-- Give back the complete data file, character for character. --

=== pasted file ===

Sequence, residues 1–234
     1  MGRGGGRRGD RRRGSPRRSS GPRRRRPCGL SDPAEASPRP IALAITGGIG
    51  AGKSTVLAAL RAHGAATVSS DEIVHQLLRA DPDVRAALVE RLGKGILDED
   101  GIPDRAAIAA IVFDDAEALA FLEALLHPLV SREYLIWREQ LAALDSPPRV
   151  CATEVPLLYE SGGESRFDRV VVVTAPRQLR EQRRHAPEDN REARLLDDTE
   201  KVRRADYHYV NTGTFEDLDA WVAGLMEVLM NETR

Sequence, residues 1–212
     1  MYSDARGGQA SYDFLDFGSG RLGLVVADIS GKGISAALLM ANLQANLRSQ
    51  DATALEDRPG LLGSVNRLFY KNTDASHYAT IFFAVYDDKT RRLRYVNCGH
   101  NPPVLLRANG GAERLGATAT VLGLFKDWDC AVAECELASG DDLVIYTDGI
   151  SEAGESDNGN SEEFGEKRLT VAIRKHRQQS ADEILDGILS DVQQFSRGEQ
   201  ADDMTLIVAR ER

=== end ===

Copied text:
Sequence, residues 1–234
     1  MGRGGGRRGD RRRGSPRRSS GPRRRRPCGL SDPAEASPRP IALAITGGIG
    51  AGKSTVLAAL RAHGAATVSS DEIVHQLLRA DPDVRAALVE RLGKGILDED
   101  GIPDRAAIAA IVFDDAEALA FLEALLHPLV SREYLIWREQ LAALDSPPRV
   151  CATEVPLLYE SGGESRFDRV VVVTAPRQLR EQRRHAPEDN REARLLDDTE
   201  KVRRADYHYV NTGTFEDLDA WVAGLMEVLM NETR

Sequence, residues 1–212
     1  MYSDARGGQA SYDFLDFGSG RLGLVVADIS GKGISAALLM ANLQANLRSQ
    51  DATALEDRPG LLGSVNRLFY KNTDASHYAT IFFAVYDDKT RRLRYVNCGH
   101  NPPVLLRANG GAERLGATAT VLGLFKDWDC AVAECELASG DDLVIYTDGI
   151  SEAGESDNGN SEEFGEKRLT VAIRKHRQQS ADEILDGILS DVQQFSRGEQ
   201  ADDMTLIVAR ER